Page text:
A quarter life crisis is when a 20-something year old realises that they have literally no idea what they are going to do for the rest of their lives. It turns out no one cares about your degree, and unless you have 30-years of work experience, or are willing / available to work for free, you kind of freeze.
So here are 15 practical things to do to get out of your quarter life crisis, from someone currently going through their own.
Don’t hide what’s going on
You’ll be surprised with who you are going to connect with, and who is going on the same journey. Simply by talking about it, joking about it, you won’t feel as alone, and you might even be able to support each other (read: they get you a job).
Don’t be afraid to ask for help
Whether it is asking your friends to drop your name in to their boss, calling your mum for words of advice, or getting drunk with your housemates, no one got anywhere in this world completely by themselves. I mean even Donald Trump had to start off with basically nothing, just ‘a small load of a million dollars’…
Identify your strengths
Are you organised? Are you creative? Can you argue the wings off a pigeon? Simply by figuring out what you are good at, you can already start highlighting some things to consider.
Or the area you want to get into
Do you love food? Books? Dogs?
(basically my tinder profile right there).
If you can turn to something you love, there is a very good chance that you will find something in that field to aim for. If you’re being pulled in multiple directions however, just try to find a way to express them, and see which one’s stick. You could start a blog, try and become friends with people already in the industry, go to conventions etc.
As well as knowing your weaknesses
Start crossing out some of the stuff on your list. There is no point going for a pHd if you hate writing academically. Be honest with yourself- because others will be perfectly happy to tell you soon enough.
Try to create your own opportunities
When you know your skill set or your passion, you can start to stick your big toe in to the icy depths of adulthood. If you are obsessed with coffee, start going to the conventions, comment on blogs, and talk to the owners of independent coffee shops. If people can know your name, they will be instantly be more willing to read your application. Plus, they will already have an indication for your dedication, which is instantly attractive.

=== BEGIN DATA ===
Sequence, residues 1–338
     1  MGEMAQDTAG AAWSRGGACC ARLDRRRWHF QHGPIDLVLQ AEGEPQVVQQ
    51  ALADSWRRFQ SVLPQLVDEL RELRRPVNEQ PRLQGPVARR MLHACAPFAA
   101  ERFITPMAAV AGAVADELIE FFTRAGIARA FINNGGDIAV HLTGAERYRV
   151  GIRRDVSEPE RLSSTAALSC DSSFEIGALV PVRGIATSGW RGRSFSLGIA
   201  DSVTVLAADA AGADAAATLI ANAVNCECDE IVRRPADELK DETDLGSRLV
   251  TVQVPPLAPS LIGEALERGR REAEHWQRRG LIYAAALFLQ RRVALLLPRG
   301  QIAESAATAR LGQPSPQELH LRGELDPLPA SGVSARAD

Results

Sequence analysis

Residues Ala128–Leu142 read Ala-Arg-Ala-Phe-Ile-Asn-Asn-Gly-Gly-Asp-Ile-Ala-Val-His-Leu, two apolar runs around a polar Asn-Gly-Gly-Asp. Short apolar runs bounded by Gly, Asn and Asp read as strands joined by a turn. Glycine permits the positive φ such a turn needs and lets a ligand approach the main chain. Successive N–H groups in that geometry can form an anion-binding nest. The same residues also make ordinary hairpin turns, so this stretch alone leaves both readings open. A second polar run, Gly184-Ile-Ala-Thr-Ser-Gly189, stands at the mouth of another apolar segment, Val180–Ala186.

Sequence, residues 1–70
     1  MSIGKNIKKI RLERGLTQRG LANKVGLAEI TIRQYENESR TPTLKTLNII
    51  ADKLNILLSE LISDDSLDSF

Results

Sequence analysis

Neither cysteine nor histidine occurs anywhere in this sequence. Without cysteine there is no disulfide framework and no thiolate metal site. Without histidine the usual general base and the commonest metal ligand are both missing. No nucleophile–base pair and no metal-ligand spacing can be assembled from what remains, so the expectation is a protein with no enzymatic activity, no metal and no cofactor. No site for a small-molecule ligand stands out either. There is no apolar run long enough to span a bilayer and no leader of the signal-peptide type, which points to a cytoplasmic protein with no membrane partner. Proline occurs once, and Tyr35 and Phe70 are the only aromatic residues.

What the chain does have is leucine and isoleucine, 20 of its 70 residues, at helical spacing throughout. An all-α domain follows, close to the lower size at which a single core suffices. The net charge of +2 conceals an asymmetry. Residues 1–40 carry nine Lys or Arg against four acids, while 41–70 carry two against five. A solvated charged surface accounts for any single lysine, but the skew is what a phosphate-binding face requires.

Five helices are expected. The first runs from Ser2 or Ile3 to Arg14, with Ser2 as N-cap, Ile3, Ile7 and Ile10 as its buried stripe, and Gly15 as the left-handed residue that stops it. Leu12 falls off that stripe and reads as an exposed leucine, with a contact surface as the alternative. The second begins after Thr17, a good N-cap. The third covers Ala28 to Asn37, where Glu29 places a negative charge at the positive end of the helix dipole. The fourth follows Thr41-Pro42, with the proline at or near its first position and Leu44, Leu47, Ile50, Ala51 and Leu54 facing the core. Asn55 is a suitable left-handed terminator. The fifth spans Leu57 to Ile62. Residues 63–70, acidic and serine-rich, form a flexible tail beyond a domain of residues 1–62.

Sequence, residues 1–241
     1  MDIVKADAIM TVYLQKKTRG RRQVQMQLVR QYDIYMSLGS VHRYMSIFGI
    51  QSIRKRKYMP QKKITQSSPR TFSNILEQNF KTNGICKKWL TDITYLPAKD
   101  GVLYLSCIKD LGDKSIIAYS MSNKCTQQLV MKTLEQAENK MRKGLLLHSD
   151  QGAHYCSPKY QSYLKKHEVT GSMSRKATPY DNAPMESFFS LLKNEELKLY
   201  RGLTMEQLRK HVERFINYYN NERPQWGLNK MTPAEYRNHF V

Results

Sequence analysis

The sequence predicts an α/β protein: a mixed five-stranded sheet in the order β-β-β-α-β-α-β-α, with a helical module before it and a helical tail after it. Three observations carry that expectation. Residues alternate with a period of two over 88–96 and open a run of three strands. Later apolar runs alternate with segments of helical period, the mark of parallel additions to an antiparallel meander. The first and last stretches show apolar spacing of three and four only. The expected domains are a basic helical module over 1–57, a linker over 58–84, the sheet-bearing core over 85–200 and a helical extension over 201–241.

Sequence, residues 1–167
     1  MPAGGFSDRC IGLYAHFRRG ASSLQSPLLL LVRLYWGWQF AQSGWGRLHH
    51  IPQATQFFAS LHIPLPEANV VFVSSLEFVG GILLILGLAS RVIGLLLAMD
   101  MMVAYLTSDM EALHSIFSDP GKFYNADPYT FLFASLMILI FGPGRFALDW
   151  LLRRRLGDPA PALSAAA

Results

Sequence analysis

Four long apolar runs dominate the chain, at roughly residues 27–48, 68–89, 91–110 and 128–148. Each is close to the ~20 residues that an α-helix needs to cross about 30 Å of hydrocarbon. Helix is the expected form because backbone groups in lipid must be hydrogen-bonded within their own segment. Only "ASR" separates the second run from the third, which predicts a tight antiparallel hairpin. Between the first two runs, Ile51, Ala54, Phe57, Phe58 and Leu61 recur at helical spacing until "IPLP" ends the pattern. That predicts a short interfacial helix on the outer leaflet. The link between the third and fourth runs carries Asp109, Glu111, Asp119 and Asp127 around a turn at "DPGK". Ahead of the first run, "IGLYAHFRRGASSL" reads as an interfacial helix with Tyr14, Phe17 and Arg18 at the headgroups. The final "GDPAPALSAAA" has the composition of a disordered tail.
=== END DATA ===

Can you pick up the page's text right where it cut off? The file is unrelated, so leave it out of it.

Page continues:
Then mass produce (and individualise) your CV
I know this seems contradictory, but you need to be sending out CV’s and emailing applications everyday, whilst making it seem that every single job/internship/shadowing is the only one you want.
It is going to be a long slog and it will go quicker if you keep your chin up and stay busy.
But sometimes, it is also okay to feel sorry for yourself
You are not a robot, and even if you only receive one rejection (heres hoping!), you are allowed to feel bad about it. Let yourself have those few minutes, and then pick your self up (hint: this may be where you need num 10!).
Make time for your friends
See number 9.
As well for your self
Whatever you need to do to recharge for tomorrow. Eat, pray, love – you do you
Fake it until you make it
When meeting people in the industry, during interviews, or when writing and sending out articles, hide those insecurities. You can do it, and even if you don’t believe that, at least make them believe it. At LFW, the name of the game was to seem to be Someone-with-a-capital-S. The number of people who snuck their way onto the FROW just by keeping hold of that confidence was honestly staggering, and, although they were hilarious, they were also kind of inspirational.
(Maybe prepare a Plan B)
So you want to be the next great actor / CEO of Google / a fashion designer? That is brilliant, and there is absolutely no reason why you can’t do it. Just know that they are particularly hard gigs to get into, and it could take a couple of years. If you need a Plan B to pay the bills, just keep that in the back of your mind so you don’t get in trouble later on.
Even if thats means going back a few steps
I have so many friends who, after finishing their degree, decided they wanted to do something completely different. And many times, it required an entirely different qualification. For example, jobs like nursing and teachers need you to go back to class. If that is the case, think about the practicalities. For example, can you afford to go back to school? Can you do it part time? Do you even need to go through the traditional mediums?
And most importantly- just say yes to every opportunity, and learn to go with it.
Some of the best opportunities come out of left field, and it may not be part of your plan. Go with your gut for this one. Only you know what to do… (what a cop out answer – sorry!).